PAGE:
What kind of story?
Mikhail Shishkin’s Maidenhair is a novel that is about nothing, while at the same time it manages to be about, well, everything imaginable. I’d wager a guess that if I knew more about classic Russian literature what I’d find is that this isn’t all that surprising. Being perfectly honest though, I haven’t read much at all originating from this part of the globe. It isn’t because of a lack of time or desire, but rather from the fact that outside of the obvious classics no one has pointed me at a contemporary Russian writer of significant importance until now. Yes, Maidenhair is that impressive, but reading it can also prove to be a bit of daunting task.
On the surface what transpires within its pages in terms of plot progression is fairly mundane. There are four different overlapping narratives at work that never really seem to connect to one another though they all share a common thread.
First there are a series of stories told by Russian refugees seeking entry to Switzerland to an unnamed Russian interpreter and his partner Peter who are employed by the Swiss government. These sections of the novel are structured in the question and answer format as follows:
|Question:||And then, all the stories have already been told a hundred times. But you—this is your story.|
|Answer:||What kind of story?|
|Question:||Oh, any kind. Some simple, banally sentimental story always goes well, you know, there was a princess and she became Cinderella.|
|Answer:||I became Cinderella?|
|Question:||That’s just a manner of speaking. A metaphor!|
|Answer:||Then you should have said so right away, otherwise I’m some kind of Cinderella.|
Secondly there are sections where the nameless interpreter is writing letters to his estranged son that are all addressed “Dear Nebuchadnezzasaurus!” and contain wildly fantastic tales of a fantasy kingdom that are blended with actual historical facts culled from any number of books that he happens to be reading at the time.
The third thread details the collapse of the interpreter’s marriage and the reasons behind his ultimate separation from his child. These pieces all take place not in Switzerland or Russia, but Italy.
Finally, the last plot thread involves the supposed diaries of the famous Russian gypsy singer Isabella Livikova (Yurieva), whom the unnamed narrator was at one time commissioned to write a biography of.
These four sections and what they encompass on the surface level aren’t what are most impressive about Maidenhair however. It’s what is encountered at the sentence level where nearly every single line speaks some resounding truth about a big picture concept that keeps the reader turning the pages. Religion, life, death, love, memory, war, longing, separation: no topic is too broad and nothing is taboo. There are so many great lines in fact that keeping a backup highlighter handy for when your first one dies of exhaustion is a mighty fine idea.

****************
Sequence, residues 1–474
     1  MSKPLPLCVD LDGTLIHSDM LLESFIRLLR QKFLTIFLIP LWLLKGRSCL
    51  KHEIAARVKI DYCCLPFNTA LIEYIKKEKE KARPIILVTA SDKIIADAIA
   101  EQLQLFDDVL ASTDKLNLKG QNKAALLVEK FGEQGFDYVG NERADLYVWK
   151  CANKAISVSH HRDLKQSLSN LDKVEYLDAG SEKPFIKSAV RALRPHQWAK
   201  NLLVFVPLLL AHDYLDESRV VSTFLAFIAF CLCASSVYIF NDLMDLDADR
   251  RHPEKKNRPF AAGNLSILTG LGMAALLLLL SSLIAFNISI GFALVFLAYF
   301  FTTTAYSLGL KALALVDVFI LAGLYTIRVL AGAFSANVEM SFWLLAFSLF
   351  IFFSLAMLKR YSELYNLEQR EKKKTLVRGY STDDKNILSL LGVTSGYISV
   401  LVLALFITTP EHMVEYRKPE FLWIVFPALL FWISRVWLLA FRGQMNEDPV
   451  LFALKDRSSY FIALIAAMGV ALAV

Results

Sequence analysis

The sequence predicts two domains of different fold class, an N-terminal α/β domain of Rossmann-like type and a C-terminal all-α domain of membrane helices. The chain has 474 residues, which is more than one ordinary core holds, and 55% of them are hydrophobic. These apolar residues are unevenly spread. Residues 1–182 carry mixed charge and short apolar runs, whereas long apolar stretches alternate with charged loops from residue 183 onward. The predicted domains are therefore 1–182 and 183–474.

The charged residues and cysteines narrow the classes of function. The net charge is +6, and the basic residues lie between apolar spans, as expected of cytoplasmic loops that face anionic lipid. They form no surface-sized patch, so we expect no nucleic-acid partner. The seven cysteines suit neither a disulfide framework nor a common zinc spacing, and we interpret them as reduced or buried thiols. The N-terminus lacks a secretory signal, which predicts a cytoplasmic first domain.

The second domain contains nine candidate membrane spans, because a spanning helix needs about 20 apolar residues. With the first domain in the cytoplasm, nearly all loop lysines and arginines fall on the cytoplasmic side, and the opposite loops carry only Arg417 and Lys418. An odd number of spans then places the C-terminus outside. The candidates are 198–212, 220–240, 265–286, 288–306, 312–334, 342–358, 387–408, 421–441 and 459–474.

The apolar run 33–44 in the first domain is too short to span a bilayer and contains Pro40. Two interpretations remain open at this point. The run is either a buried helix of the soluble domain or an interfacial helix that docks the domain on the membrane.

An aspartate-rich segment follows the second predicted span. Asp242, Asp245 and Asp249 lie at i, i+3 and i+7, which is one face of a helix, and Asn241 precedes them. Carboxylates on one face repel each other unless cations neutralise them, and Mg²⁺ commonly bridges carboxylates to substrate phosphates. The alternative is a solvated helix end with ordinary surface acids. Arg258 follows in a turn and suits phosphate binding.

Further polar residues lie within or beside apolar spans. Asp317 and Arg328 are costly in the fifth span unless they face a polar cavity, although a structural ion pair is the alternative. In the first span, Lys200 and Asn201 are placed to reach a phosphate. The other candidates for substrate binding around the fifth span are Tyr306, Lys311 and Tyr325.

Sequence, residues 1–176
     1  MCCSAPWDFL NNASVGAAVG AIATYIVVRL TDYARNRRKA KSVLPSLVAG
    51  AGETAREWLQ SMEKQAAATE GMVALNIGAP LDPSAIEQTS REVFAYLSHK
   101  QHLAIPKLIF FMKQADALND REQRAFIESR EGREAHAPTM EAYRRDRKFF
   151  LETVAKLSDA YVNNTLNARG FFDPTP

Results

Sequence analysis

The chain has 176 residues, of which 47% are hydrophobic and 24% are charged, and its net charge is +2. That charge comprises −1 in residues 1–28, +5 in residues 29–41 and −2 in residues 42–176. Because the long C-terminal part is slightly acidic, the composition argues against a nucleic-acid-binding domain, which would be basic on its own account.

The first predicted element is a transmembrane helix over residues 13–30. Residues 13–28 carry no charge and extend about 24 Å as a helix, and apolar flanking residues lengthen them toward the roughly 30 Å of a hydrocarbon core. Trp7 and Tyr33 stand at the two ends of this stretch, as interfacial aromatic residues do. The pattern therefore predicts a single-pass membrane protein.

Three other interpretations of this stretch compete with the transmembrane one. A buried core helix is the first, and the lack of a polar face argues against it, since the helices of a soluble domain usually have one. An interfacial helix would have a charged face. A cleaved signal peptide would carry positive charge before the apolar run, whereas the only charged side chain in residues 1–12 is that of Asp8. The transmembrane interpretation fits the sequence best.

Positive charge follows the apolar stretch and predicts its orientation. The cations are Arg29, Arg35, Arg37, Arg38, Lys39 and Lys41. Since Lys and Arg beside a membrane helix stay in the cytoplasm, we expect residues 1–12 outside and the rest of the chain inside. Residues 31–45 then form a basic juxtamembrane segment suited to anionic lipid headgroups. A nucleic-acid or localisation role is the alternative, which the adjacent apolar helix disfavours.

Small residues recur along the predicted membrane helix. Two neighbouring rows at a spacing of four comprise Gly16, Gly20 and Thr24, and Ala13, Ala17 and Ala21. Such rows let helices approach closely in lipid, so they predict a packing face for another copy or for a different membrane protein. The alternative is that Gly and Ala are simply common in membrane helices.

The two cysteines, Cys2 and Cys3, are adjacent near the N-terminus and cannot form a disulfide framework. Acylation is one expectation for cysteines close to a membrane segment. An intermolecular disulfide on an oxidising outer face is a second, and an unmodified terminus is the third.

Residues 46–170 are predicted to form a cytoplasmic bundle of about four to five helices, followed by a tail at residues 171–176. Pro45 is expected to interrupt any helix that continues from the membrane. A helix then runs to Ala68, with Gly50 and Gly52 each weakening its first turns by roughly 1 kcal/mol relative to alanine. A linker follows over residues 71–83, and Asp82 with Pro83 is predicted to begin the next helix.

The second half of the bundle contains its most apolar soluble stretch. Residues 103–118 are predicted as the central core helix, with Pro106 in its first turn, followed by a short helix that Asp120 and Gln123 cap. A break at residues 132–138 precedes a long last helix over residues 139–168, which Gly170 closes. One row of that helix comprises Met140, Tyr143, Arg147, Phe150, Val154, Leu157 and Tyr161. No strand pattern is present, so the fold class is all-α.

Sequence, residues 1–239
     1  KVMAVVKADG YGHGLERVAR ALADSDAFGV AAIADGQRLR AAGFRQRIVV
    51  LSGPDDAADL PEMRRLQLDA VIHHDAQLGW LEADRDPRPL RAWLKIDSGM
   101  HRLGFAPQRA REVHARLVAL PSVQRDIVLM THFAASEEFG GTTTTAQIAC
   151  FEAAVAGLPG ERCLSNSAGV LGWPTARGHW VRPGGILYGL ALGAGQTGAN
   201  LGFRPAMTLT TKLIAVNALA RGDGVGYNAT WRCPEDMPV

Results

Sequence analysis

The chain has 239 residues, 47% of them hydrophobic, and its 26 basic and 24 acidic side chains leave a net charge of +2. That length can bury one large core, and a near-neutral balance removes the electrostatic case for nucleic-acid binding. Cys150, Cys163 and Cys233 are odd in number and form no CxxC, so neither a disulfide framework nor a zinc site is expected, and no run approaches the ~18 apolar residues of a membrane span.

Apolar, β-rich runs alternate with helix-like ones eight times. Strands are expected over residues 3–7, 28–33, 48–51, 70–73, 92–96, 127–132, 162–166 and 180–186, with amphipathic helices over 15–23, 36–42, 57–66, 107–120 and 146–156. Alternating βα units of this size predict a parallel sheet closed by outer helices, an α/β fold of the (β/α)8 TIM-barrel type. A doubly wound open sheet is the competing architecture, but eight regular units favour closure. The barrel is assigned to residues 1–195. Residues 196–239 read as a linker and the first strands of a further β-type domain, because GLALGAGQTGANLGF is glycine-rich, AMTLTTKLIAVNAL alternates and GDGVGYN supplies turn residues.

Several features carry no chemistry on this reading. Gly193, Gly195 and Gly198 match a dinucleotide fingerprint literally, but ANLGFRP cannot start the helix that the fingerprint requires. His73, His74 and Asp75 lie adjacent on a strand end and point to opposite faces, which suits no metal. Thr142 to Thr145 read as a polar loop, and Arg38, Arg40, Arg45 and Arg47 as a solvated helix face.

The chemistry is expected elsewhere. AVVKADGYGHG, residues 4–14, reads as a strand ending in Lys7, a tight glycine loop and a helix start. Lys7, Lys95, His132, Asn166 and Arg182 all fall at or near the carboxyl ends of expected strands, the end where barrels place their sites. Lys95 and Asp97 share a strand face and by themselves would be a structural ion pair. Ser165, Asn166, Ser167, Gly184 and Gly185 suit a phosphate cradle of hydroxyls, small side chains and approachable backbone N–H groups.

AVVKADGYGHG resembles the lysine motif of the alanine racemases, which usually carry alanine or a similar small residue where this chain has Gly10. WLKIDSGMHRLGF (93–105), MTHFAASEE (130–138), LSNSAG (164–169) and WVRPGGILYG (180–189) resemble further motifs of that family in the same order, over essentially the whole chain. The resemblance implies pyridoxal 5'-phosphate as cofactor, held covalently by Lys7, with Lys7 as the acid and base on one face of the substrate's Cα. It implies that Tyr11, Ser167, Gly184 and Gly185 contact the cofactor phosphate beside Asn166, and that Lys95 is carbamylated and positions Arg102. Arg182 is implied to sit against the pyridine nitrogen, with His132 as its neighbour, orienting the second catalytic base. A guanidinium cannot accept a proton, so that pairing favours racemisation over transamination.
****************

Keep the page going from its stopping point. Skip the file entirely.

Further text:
There are moments within the novel’s 506 pages however where one can find themselves at a loss, almost struggling through certain sections in anticipation of the next nugget of brilliance. In some ways Maidenhair reminded me of another complex novel I read this year, Will Self’s Umbrella. But where Umbrella ultimately felt like a nearly impenetrable failure to me, Mikhail Shishkin’s novel offers the reader a clear entry point, a manageable structure, and a staggering number deeply affecting passages. Where one could never forget what Umbrella was about because Self continually confronted the reader with his set agenda, Maidenhair’s plot is so ridiculously secondary to everything being discussed that it almost doesn’t even matter.
Over the course of his career Mikhail Shishkin has won all three major literary awards in Russia: The Big Book, The Russian Booker, and The National Bestseller. The fact that he’s been writing since 1994 and this is the very first time one of his novels has been translated to the English language is frustrating because as soon as I completed Maidenhair I immediately wanted more.
Perhaps it is finally time for me to dive into the Russian classics. Look out Dostoevsky and Bulgakov, here I come.
By Mikhail Shishkin
Translated from the Russian by Marian Schwartz
Open Letter Books